Sulekha

Sulekha is a text-based Markov chain generator that I wrote in Perl sometime in April of 2005. Or maybe it was earlier. I don’t quite remember. Wikipedia says that a Markov chain is a discrete-time stochastic process with the Markov property. That makes absolutely no sense to me. The way I understand it, after looking at text-based Markov-chains anyway, is that it’s a series of probablity-based transitions from one state to another. So essentially if you are at a state A, then there is a certain probablity of moving to state B, C, or even staying at A. That is probably a very simplistic view, but that’s how I’ve been able to understand it. I’m certainly not the first one to write a text-based Markov-chain generator, but as with almost any thing, I like to re-invent the wheel just so that I can say it’s mine! So before I give you some examples, and an interactive demonstration, let me explain how Sulekha works. That way you make your own too. As far as the name goes, it is Sanskrit for “good writing”. In Sanskrit, lekha means “writing”, and the prefix su means “good”. Whether the text generated by Sulekha is good or not, is another (subjective) matter entirely.

To create a Markov chain, you have to go through your body of text and construct a frequency table. What this actually means is that in any body of text, if you look at a certain word, there are different probabilities for the different words that could follow the word you chose. So a frequency table for the preceding sentence would look like this:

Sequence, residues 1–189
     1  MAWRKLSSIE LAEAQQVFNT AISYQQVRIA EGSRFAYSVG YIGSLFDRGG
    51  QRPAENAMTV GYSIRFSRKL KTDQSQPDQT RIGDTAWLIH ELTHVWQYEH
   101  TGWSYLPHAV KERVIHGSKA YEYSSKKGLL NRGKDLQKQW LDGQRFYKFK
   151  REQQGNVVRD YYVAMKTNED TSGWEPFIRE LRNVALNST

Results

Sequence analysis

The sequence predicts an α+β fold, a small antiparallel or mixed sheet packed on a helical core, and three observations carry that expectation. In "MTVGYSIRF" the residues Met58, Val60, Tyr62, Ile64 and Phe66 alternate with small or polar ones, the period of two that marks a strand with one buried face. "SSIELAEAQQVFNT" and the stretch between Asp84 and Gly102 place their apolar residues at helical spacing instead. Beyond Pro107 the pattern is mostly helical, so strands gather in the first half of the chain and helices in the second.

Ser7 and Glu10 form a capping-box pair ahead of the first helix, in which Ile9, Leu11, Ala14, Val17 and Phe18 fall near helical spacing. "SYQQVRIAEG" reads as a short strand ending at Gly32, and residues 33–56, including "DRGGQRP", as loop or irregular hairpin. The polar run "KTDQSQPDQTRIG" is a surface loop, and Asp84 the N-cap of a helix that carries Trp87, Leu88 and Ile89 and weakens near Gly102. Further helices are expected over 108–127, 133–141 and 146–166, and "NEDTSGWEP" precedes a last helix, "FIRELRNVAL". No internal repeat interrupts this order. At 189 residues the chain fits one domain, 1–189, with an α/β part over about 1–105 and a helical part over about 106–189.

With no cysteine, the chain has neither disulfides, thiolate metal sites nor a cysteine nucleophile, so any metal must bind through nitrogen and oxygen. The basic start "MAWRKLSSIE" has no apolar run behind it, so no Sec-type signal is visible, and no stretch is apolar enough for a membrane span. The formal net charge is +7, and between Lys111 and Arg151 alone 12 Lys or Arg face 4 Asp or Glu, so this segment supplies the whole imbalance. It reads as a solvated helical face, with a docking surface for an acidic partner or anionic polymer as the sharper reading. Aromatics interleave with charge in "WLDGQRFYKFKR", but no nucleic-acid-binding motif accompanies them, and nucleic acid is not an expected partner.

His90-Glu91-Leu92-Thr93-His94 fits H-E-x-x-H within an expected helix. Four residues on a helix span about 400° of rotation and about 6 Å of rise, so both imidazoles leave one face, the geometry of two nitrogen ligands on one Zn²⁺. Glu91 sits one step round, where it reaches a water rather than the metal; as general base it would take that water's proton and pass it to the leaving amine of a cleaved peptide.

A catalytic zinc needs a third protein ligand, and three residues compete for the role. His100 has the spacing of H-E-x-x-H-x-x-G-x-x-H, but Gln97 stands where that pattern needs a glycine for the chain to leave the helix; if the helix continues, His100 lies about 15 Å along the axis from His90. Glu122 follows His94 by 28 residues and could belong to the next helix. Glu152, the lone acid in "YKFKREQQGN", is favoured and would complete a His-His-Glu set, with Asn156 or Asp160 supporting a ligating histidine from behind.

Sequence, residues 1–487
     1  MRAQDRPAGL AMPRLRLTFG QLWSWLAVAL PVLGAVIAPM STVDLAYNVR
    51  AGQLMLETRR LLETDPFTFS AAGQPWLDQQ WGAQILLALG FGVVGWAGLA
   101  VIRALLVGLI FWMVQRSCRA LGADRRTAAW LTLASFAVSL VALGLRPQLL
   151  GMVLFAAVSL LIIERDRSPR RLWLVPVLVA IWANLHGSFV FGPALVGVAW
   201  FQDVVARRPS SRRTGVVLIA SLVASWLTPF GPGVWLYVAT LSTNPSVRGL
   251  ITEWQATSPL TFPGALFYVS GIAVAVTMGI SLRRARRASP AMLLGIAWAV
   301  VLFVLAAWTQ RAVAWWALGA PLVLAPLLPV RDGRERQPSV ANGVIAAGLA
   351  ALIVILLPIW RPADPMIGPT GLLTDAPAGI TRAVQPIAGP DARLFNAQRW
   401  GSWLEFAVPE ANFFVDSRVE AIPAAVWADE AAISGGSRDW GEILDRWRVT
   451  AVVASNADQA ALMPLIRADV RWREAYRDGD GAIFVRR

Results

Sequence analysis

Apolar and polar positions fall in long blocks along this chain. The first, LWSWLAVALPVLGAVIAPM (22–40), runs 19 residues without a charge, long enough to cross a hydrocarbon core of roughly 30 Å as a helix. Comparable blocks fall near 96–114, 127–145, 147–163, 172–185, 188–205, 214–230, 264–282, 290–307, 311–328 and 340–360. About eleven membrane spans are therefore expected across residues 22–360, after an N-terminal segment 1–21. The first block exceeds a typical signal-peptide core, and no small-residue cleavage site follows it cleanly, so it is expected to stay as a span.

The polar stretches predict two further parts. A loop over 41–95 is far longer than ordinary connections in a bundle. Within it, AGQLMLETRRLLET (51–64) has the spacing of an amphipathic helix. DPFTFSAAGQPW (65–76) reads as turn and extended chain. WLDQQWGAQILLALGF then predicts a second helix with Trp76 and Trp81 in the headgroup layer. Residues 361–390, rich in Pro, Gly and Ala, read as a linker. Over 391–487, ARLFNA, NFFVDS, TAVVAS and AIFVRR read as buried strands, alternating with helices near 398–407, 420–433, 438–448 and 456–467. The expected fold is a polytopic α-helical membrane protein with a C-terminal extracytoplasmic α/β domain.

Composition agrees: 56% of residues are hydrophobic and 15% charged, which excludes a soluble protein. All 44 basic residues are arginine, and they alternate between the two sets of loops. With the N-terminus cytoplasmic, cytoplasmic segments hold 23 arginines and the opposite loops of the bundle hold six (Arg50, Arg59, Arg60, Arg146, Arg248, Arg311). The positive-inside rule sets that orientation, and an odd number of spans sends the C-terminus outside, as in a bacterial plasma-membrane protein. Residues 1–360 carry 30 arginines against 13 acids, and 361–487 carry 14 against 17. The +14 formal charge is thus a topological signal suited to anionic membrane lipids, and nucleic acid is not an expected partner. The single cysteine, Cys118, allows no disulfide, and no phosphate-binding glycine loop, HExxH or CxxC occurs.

Word Following Word Percentage
What this 100%
this actually 100%
actually means 100%
means is 100%
is that 100%
that in 50%
that could 50%
word there 50%
word you 50%
you look 50%
you chose 50%

So your probability of getting the word could assuming you started your chain with that, is 50%. The implementation of the table is upto you. I simply create hash where every key is a word and the value for the key is an array of words following that word. It is not necessary to explicitly calculate the probability because thatinformation is preserved in the array. I randomly select a location from the array, so if there are more of one word than another, the probability of selecting the first word is greater. Once you have found your second word, you repeat the process. I mentioned that my generator generates n-order (or n-depth) chains. What this means is that instead of creating a frequency table of what word follows another, you can also create a frequency table of what word follows a particular word-pair (or word-triplet all the way to a uhh.. word-nplet). In this case, you would start by building your frequency table with the word-pair What this, and end with the word-pair you chose. As you can see, as the order increases, there are less choices for the words that follow your starting point. What this means is that as n increases, the resulting Markov chain starts to resemble the original body of text.